So how do you stop the spiral and get unstuck? Here are five ways to avoid the downward spiral:

  • Recognize that you’re in a downward spiral. Some people don’t realize or not willing to admit that they are in a downward spiral. So a little self-awareness: if someone offers a potential solution, and you’re first thought or comment is how it will not work or the potential problems you already see, you could be in a downward spiral.
  • Stop the negative chatter in your head. When you think about a problem, examine the facts. What are the concrete facts? When we judge people’s intent, character, and abilities, facts can become distorted and overstated.
  • State the problem without assigning it to a person or particular group. Example: Joe and his team failed to meet their sales goal this month. Possible restatement: We had a sales goal of $____ and the month-end result was $____. In the first example, you can easily move into a downward spiral with a focus on Joe and the team. The second example, the facts speak for themselves and puts the emphasis on the goal. You want Joe and his team to make goal not spend energy and time trying to defend their character and abilities.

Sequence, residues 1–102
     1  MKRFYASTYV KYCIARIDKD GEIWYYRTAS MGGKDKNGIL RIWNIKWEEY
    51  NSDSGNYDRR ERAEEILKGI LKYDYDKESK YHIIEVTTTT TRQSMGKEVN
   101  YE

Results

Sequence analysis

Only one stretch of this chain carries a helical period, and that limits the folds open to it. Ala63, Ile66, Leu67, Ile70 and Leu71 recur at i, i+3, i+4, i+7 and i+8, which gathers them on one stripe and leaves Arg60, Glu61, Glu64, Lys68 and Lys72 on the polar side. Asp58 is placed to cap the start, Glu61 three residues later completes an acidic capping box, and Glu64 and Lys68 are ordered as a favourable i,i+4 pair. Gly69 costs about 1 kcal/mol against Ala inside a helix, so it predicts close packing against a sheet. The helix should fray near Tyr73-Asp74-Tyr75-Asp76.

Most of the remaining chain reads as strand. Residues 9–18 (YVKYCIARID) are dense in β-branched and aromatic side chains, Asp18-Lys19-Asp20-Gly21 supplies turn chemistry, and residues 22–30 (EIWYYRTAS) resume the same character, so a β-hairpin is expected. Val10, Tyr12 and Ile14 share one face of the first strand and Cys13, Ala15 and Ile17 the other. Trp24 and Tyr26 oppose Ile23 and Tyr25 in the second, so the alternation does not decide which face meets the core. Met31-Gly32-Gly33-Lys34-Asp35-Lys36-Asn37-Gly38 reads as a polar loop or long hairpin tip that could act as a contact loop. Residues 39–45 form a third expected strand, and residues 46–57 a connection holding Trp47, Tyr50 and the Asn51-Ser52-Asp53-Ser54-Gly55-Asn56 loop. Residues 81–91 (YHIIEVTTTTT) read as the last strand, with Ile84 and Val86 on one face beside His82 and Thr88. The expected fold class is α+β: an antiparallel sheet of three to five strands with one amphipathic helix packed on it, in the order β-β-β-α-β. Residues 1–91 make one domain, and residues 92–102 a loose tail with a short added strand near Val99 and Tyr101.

• Have a “possibility” brainstorming session with the team. Give everyone a 2-3 day notice to come to the session with suggestions and ideas about how to resolve the problem. The key to the success of this approach is to take all ideas/suggestions without any discussion of their potential or viability. This will keep the ideas/suggestions coming and prevents those downward spiral conversations. Once you get all the possibilities listed, then you look at viability. Again, keep the conversation centered on how you could make it work. Don’t allow anyone to “shoot holes” into the ideas. Those holes will become evident if they exist during the process. Narrow the ideas/suggestions to the top 2-3 and create an action plan.